Fire brigades have other quicker and more easily deployable kit for DIM (detection identification and monitoring).
Also chem lorries have the contents written on the side so you’ve already got a fairly good idea what the hazards are.
Due to the fact that DIM kit is also used to identify explosives / IEDs etc. The specific details of it and how it works is not something you’ll find in the public domain, but I can tell you that drones won’t bring much to the party.
It’s worth remembering that drones are not the answer to everything. They’re very useful for certain tasks but most of the time more simpler methods will suffice. They’re also fairly limited in when and where they can be used. As soon as you start becoming reliant on UAVs to do jobs, you very quickly lose the ability to do those jobs in high winds, rain, congested air space etc.
In my capacity as a reservist, a few years back I was working with an organisation called SALMO. They do all the maritime salvage work for the MOD. They had a really Gucci little remote controlled submarine for doing below waterline surveys on damaged ships.
It was very expensive and very cool.
However it only worked in perfectly calm and clear water. A camera on a long stick did a much better job and was the preferred method. The submarine never came out of the box.
Where I currently work we jumped into the UAV world with both feet. We invested a lot of cash in people and kit and now we use them for all sorts of jobs. We are definitely an industry leader and possibly a world leader in certain areas of UAV use. I regularly speak at conferences about them.
However, there are a lot of very tall chimney type structures where I work. A lot of the jobs we use UAVs for could actually be done by fixed cameras on top of these chimneys. There are many benefits to this approach: The cameras are cheaper, they’re always switched on, lots of cameras can be operated by one person in a nice warm room, the time to deploy them is zero because they’re already there, you aren’t restricted on lens size because it doesn’t have to fly, there is no risk of crashing one into a person or piece of equipment that could explode etc.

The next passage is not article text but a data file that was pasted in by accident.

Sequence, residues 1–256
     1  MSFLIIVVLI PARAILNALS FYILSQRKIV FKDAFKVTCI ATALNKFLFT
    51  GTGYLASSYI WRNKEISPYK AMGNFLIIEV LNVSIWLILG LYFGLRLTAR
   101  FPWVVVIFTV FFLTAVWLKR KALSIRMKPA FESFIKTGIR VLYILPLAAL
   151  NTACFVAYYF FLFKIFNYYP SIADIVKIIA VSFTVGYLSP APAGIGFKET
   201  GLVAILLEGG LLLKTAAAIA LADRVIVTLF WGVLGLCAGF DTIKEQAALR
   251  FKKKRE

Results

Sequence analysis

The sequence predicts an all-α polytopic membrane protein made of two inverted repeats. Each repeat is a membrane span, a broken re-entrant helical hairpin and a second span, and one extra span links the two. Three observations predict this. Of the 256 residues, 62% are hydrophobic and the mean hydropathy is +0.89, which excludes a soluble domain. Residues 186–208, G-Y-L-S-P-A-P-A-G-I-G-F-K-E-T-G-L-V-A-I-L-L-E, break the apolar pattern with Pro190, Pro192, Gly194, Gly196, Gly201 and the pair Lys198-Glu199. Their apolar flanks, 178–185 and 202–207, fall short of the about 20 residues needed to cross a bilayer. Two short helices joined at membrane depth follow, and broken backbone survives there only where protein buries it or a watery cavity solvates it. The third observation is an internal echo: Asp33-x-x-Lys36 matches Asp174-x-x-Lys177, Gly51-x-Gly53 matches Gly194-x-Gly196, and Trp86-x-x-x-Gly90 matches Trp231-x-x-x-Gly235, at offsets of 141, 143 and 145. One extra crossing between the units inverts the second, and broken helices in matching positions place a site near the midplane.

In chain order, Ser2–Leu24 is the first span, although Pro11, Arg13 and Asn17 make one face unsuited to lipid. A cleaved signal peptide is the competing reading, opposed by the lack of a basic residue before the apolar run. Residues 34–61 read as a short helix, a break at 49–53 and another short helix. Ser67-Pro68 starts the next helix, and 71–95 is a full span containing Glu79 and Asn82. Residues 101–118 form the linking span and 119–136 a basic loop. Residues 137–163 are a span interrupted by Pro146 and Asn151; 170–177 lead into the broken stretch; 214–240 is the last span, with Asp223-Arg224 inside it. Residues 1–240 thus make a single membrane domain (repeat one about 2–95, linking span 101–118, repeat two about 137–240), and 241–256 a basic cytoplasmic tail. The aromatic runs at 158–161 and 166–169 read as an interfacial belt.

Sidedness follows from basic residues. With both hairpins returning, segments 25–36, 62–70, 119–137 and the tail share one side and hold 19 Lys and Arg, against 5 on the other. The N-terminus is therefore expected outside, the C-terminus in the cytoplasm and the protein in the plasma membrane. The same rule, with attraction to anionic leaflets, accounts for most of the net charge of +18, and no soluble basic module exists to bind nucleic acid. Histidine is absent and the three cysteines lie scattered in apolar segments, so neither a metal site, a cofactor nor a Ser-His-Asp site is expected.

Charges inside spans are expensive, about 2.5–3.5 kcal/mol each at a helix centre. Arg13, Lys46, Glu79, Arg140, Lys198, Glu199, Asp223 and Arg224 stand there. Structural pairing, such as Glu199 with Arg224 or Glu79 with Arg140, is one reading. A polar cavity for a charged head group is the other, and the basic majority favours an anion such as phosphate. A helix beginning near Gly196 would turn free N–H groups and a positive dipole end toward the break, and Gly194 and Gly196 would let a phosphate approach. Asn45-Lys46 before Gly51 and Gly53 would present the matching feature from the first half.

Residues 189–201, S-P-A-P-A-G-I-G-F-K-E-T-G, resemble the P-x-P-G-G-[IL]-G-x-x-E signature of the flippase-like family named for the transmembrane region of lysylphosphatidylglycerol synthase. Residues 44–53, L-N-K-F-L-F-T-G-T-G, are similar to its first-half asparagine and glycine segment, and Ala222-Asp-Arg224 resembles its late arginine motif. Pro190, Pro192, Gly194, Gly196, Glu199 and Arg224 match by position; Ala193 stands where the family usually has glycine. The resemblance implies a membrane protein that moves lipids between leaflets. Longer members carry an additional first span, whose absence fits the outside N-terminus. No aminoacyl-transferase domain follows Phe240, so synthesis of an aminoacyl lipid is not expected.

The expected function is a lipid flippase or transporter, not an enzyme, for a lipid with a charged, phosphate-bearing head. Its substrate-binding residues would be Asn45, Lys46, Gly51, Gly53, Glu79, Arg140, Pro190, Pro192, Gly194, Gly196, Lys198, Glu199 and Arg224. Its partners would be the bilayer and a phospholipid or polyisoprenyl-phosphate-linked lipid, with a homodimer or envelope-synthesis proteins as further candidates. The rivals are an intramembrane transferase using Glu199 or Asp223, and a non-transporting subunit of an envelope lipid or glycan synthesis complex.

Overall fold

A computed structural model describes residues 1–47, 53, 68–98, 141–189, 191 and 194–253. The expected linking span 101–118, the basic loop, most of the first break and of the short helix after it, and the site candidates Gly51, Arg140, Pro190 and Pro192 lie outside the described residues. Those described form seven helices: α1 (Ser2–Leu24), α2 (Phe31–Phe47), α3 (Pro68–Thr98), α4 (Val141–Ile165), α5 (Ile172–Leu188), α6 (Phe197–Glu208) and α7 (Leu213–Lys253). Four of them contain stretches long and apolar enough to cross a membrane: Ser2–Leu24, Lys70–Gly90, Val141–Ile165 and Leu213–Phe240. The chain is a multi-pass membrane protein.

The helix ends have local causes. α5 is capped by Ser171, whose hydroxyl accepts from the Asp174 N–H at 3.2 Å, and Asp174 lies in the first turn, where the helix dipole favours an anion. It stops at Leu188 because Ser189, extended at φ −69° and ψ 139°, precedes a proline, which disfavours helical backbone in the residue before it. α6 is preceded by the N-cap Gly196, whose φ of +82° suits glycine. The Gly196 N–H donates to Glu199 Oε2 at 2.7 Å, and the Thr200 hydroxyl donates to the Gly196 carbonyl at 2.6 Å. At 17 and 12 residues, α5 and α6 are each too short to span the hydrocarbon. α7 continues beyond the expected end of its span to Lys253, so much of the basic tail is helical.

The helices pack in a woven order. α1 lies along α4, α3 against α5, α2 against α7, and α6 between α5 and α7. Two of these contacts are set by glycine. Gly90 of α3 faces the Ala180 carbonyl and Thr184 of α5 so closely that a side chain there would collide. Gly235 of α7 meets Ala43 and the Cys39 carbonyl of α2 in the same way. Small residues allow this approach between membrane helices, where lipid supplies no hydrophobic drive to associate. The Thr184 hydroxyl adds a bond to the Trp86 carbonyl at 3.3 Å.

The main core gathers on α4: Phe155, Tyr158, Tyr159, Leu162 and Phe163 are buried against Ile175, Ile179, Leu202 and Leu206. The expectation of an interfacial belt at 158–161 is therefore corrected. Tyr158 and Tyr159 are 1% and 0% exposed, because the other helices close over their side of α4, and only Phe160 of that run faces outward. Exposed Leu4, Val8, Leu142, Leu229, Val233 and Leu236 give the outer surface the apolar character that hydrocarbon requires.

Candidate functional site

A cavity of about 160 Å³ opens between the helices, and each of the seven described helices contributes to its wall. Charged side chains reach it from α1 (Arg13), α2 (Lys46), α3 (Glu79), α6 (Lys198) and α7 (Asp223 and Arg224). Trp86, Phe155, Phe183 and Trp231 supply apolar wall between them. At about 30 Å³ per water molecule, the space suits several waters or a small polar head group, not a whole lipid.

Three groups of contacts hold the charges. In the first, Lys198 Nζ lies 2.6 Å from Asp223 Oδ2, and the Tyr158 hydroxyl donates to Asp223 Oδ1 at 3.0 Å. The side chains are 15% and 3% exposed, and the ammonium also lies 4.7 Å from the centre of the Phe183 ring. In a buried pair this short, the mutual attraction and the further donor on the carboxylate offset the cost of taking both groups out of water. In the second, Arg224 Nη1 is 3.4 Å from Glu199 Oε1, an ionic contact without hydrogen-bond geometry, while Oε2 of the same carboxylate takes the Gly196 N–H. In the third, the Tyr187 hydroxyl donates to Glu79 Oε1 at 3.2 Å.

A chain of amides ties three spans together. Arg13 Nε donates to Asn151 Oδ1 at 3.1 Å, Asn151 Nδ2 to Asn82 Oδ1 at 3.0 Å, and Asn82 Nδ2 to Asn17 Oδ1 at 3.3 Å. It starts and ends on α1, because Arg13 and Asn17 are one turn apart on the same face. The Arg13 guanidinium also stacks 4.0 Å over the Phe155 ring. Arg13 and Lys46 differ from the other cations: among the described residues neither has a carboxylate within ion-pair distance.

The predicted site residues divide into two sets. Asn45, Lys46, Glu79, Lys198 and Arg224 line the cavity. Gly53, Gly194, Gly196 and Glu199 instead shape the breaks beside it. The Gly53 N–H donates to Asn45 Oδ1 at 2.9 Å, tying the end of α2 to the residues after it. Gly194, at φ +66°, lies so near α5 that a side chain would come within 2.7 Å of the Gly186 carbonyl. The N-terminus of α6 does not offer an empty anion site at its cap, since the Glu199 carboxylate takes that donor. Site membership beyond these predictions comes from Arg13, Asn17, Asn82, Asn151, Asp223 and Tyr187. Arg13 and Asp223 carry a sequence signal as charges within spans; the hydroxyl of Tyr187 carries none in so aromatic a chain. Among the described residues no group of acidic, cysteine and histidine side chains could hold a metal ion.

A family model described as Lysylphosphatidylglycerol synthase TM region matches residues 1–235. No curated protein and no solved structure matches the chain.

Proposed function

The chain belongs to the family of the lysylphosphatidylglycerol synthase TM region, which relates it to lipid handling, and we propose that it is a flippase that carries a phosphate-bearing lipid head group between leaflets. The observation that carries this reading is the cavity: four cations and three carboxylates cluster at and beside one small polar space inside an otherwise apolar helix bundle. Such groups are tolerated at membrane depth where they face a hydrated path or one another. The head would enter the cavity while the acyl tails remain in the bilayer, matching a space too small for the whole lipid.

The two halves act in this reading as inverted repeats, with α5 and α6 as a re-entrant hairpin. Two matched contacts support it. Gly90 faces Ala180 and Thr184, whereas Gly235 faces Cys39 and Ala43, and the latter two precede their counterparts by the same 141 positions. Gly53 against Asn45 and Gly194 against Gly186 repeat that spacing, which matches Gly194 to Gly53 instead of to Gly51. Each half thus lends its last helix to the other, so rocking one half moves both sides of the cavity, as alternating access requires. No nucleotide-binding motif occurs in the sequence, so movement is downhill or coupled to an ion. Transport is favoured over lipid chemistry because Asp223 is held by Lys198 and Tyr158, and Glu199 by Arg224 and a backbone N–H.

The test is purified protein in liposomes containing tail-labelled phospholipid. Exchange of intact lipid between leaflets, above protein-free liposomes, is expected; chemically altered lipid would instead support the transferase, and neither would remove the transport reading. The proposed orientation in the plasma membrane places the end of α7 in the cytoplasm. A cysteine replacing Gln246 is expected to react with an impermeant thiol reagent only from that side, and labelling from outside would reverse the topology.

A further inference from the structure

I was not just talking about UAVs. But I do wonder to what extent can risks to emergency personnel be reduced by using remotely controlled sensors, and can they be used to increase the effectiveness of finite personnel numbers?
My old brigade uses drones/toy planes for observation and ir surveillance on the fire ground.
The problem with the present tech is size. Too big for small jobs, too small for big jobs.
Specialised industries would need to provide their own equipment as the local authority would not fund it.
I imagine the chemical and nuclear sectors do their own Research and Development. I assume developnent of equipment for the emergency services is conducted at a national basis.